Collins to work toward increasing visitation to Arkansas by groups and promoting the state's appeal
The Arkansas Literary Festival's unofficial headliner this year, Charlaine Harris, is by some metric she recalls in conversation with a reporter, the 11th-best-selling writer in the United States. Without having a faint clue who the 10 ahead of her are, it's still safe to say they're all lugging bigger egos than the author of the Sookie Stackhouse books, among dozens of others. The pride of little Magnolia, Ark., by way of Tunica, Miss., Harris writes books not considered particularly taxing reading even by the standards of the soap-horror genre that she dominates, and makes no bones that she writes for a decidedly popular audience.
To illustrate: She recently attended an awards gala in New York at which PFLAG, the advocacy group for lesbians and gays, recognized her with a Straight for Equality award in literature, a first for the organization. And she had this to say about it: "I felt pretty good that they call it 'literature.' "
What you cannot call her, even though you'll be tempted, is a writer of vampire novels, because as Harris — oh, what the hell are we saying — as Charlaine will tell you, she does not write vampire novels. As anyone who has watched HBO's "True Blood," the series now approaching its fourth season based on Charlaine's Southern Vampire Mystery series, Sookie is a human woman who merely falls for a vampire. More precisely, Sookie is a telepathic human woman who's intrigued by these supernatural creatures whose minds she can't read. "She's drawn to them," Charlaine says, "even though it's not a good idea to hang around creatures who want to eat you."
Perhaps Sookie's adventures are not vampire novels per se, but we may as well note that novels that prominently feature vampires — colloquially known, because of the scarcity of the creatures outside of said literature, as "vampire novels" — are anomalies of horror fiction, in that they seem dominated by the fair sex. Women write them (cf. Anne Rice, Stephenie Meyer, Laurell K. Hamilton, their lesser imitators), star in them ("Buffy the Vampire Slayer") and buy them by the coffinload. When it's suggested to Charlaine that Sookie's situation probably resonates with any young woman intrigued by mysterious older men who are sufficiently mature that she cannot see immediately through them, Charlaine says, "It's that idea taken to the nth degree." As in, older by 140 years.
The nerve she touched (vein she tapped?) has been epic, with global sales of 25 million books — 20 million of those in the Sookie series — translated across 30-something languages. Gothic Southern horror and mystery transcends borders. "About 12 years ago, I got the idea for writing the first Sookie," Harris said. "It took my agent two years to sell it. It got turned down several times, and in very unflattering terms." Lucky for Ace Books, a Penguin imprint, that it saw the book's potential (and that of the subsequent 10 in the series, all with "dead" in their titles). "You can't help but go 'ha, ha!' " she says, but now that Charlaine's an industry, she feels the pressure of supporting livelihoods other than her own. These days an awful lot of New Yorkers depend on big things out of Magnolia.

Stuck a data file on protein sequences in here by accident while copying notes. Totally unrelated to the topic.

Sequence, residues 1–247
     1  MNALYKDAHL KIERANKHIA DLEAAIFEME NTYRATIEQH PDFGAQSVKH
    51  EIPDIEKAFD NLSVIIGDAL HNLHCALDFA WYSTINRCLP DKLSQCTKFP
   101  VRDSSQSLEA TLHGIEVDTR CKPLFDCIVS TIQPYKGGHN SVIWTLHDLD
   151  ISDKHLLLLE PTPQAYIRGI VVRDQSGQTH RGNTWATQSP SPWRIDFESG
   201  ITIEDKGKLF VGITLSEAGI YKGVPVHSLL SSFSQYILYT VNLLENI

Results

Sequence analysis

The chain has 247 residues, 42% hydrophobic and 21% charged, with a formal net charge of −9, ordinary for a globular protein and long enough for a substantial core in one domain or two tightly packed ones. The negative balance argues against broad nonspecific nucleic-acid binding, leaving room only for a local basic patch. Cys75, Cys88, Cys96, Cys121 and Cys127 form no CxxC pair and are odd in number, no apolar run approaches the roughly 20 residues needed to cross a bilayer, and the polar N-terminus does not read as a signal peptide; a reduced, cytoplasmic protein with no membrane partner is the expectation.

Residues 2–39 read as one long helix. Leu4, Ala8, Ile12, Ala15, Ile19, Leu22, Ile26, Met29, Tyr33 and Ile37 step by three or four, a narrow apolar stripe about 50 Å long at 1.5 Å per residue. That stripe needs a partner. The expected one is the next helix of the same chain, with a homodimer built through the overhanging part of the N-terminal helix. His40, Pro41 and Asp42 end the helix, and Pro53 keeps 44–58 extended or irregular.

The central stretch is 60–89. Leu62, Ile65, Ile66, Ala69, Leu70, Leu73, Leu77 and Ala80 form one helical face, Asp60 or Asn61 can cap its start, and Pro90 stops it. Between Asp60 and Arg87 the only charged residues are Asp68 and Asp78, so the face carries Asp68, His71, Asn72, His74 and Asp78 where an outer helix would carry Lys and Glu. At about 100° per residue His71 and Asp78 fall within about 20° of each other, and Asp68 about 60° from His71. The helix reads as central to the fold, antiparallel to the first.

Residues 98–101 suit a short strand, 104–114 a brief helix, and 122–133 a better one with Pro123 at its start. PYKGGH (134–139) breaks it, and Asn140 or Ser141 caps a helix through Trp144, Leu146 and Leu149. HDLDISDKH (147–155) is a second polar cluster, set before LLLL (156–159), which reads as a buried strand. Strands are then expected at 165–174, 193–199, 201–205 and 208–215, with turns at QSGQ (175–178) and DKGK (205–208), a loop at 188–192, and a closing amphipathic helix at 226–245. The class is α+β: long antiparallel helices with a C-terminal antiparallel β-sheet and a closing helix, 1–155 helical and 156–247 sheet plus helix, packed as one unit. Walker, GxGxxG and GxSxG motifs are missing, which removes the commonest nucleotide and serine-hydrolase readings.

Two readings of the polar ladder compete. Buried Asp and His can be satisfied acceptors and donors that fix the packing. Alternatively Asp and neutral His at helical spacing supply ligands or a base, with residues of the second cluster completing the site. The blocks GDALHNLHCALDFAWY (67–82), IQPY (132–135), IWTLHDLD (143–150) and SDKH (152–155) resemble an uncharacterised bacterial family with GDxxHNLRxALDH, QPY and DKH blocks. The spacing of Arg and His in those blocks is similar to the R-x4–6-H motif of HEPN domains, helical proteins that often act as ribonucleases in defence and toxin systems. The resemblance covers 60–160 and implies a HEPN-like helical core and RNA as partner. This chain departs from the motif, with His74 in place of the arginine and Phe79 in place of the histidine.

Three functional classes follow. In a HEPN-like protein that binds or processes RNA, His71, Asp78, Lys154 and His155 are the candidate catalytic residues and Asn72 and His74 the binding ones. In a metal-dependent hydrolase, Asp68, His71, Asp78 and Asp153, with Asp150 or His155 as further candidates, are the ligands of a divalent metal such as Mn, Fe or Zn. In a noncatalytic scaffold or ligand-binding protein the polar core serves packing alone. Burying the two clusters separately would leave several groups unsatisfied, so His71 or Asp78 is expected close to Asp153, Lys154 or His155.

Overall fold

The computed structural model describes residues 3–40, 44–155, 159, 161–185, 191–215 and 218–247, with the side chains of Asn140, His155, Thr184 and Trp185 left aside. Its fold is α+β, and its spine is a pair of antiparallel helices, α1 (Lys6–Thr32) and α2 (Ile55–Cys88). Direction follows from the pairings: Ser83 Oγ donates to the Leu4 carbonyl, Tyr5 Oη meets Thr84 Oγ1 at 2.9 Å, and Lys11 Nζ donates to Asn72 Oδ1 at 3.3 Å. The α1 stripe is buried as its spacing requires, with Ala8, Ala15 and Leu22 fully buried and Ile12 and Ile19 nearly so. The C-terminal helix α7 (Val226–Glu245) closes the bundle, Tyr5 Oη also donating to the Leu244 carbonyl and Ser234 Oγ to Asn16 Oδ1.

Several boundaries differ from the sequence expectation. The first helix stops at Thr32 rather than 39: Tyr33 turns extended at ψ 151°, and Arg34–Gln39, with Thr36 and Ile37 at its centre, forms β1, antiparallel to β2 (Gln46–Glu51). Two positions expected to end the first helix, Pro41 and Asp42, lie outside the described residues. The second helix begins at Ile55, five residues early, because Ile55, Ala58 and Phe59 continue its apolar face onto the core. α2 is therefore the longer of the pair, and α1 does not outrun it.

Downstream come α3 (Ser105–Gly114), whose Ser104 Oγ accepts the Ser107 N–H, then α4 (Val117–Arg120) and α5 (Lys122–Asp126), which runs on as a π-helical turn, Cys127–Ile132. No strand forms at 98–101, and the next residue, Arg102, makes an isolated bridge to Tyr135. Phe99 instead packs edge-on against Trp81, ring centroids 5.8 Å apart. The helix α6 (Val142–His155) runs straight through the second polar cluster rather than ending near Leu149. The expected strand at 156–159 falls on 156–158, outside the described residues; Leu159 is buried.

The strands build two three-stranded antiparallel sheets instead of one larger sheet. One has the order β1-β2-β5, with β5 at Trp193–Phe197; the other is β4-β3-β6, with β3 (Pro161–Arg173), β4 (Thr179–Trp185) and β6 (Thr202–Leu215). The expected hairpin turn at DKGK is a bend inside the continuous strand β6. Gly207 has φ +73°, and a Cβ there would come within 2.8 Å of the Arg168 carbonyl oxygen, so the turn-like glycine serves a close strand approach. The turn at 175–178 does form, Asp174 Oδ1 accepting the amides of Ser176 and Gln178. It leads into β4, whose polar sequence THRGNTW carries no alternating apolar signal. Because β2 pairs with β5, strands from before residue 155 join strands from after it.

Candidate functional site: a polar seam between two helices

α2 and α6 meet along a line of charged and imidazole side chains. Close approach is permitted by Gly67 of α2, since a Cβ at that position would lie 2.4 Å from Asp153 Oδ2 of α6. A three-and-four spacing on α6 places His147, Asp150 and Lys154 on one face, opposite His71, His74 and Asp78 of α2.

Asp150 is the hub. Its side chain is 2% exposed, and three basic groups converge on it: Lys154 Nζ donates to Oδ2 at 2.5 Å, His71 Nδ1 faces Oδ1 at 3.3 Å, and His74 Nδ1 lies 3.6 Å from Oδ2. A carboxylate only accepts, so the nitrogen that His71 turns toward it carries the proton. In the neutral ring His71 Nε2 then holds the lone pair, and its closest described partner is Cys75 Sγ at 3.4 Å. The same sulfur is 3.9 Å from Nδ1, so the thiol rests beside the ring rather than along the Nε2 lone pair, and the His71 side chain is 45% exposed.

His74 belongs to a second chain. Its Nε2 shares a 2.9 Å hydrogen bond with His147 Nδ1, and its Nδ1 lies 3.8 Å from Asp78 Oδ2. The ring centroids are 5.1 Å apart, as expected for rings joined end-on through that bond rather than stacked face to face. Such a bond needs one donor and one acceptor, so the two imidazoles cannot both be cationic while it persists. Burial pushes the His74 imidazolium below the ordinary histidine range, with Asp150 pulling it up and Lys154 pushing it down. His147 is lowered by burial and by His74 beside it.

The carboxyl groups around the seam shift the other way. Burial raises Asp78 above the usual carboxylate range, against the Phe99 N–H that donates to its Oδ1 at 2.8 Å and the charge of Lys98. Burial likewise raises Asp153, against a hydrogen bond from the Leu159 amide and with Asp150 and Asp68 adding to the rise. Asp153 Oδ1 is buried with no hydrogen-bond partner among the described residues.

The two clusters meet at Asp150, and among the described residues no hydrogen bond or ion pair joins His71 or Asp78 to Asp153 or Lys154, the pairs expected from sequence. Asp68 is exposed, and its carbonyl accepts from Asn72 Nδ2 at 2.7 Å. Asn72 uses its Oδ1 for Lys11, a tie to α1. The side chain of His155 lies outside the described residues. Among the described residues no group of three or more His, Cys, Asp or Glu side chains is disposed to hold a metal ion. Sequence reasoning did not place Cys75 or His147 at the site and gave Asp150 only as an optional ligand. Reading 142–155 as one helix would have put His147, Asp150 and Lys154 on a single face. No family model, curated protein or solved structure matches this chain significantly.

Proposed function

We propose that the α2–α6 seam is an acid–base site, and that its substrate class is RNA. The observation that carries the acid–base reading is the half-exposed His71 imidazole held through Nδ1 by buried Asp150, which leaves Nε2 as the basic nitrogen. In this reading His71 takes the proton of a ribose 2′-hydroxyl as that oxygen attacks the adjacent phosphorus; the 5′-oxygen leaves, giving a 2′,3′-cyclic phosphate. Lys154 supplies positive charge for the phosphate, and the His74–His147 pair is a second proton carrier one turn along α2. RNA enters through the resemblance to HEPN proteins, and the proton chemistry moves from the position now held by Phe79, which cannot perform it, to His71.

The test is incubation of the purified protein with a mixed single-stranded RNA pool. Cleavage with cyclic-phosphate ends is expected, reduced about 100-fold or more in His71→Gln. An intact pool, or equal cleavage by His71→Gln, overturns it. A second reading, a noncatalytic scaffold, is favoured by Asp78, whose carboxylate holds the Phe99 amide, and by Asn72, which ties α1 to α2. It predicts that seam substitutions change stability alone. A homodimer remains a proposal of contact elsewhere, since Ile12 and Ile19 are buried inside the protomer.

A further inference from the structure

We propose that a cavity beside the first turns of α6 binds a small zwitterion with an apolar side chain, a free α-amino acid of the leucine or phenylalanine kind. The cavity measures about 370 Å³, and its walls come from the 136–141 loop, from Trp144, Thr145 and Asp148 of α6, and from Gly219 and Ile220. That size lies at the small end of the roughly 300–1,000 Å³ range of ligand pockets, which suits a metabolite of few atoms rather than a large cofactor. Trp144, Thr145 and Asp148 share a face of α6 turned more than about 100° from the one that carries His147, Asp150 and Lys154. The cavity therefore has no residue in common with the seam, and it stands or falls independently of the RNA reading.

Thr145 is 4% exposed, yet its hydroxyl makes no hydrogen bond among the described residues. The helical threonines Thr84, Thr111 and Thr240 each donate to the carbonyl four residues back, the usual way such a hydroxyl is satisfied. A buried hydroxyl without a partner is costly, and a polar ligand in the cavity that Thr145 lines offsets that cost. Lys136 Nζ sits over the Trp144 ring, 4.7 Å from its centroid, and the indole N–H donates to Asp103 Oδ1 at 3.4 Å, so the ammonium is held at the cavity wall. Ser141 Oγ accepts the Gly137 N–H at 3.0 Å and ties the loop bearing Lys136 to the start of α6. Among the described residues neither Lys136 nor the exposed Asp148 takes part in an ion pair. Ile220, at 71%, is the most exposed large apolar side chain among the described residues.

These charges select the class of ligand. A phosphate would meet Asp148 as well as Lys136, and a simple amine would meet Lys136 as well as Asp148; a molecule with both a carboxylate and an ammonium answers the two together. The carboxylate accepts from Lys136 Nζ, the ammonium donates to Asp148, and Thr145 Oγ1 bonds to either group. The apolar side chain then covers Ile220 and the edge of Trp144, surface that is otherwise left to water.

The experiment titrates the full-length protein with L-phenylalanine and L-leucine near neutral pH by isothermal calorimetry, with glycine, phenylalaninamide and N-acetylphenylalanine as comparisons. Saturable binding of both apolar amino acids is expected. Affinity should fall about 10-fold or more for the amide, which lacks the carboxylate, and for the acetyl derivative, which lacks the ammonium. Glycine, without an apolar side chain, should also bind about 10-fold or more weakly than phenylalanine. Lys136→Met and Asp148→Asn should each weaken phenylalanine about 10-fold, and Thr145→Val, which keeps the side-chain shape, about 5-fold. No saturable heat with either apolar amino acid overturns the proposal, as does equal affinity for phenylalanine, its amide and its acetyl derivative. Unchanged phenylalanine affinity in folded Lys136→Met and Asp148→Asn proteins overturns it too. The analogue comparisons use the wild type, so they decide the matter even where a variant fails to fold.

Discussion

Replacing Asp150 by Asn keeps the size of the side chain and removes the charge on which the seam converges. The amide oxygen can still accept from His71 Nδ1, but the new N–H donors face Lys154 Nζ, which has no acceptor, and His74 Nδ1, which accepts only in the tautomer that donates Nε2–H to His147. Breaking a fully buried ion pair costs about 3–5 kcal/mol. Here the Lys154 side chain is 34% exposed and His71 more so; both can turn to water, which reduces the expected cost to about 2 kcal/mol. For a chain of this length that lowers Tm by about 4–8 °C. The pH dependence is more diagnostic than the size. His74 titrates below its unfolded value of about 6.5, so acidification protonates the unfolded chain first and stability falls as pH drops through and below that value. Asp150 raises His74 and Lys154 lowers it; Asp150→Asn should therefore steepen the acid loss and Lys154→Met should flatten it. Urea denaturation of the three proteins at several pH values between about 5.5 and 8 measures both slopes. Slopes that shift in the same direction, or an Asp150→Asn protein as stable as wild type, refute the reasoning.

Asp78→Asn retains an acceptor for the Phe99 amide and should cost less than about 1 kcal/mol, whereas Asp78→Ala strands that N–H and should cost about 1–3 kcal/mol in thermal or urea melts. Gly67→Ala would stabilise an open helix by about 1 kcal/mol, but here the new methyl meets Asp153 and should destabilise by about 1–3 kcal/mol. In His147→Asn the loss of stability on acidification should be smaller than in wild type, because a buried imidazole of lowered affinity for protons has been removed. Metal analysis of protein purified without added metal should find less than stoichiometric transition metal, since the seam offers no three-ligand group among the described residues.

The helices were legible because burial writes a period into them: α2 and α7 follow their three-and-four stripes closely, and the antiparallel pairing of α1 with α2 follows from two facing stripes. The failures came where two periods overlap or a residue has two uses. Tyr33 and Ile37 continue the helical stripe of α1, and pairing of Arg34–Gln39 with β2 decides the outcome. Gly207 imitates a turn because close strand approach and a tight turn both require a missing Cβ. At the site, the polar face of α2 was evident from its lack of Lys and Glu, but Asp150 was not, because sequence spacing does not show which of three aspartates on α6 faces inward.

That her books transcend the small town where she writes them, or the small town where she sets them (Sookie's own Bon Temps, La.) harkens to the reason she began writing in the first place. When you're from a place as poor and isolated as Tunica — which has boomed since Charlaine's childhood, to the point that it now has stoplights — stories are the currency of imagination, and writing is a way out in more ways than one. "It helps you escape," Charlaine says, laughing. "There are big pluses to growing up the way I did, but there's also the fact that if you're a thinking person and a reading person you do come to the conclusion that you're living in a bygone era as far as the rest of the world goes."
To a child with small-town naivete, even the mundane seems foreign. Adultery? That was something that happened only on soap operas. "It was inconceivable to me that people could be so dishonorable," she says. "It still gives me the jim-jams to think about it." Homosexuality? It seemed exotic, until she saw people covering up their true lives by dating people just to hide their identities. "They were trying to conform to a norm they shouldn't ever have to conform to," Charlaine says, and if you're picking up on a vampire parallel, you win free garlic sauce. "Even though I'm a religious person, I just couldn't believe that's what God wanted."
You could chalk up Charlaine's success to her canny choice of genre, or to sheer prodigious output, or to a decidedly big-tent prose style. What you simply cannot ignore, in wondering how the daughter of a Mississippi farmer once counted nine of her books on New York Times bestseller lists at the same time, is how brilliantly she has sublimated the moral conundrums of modern rural America into guilty-pleasure pop culture. There are plenty of Sookies out there — good Christian girls stuck in dead-end towns and dead-end jobs wishing they could meet someone undead. Give Charlaine this: She knew her audience, then she went for the jugular.
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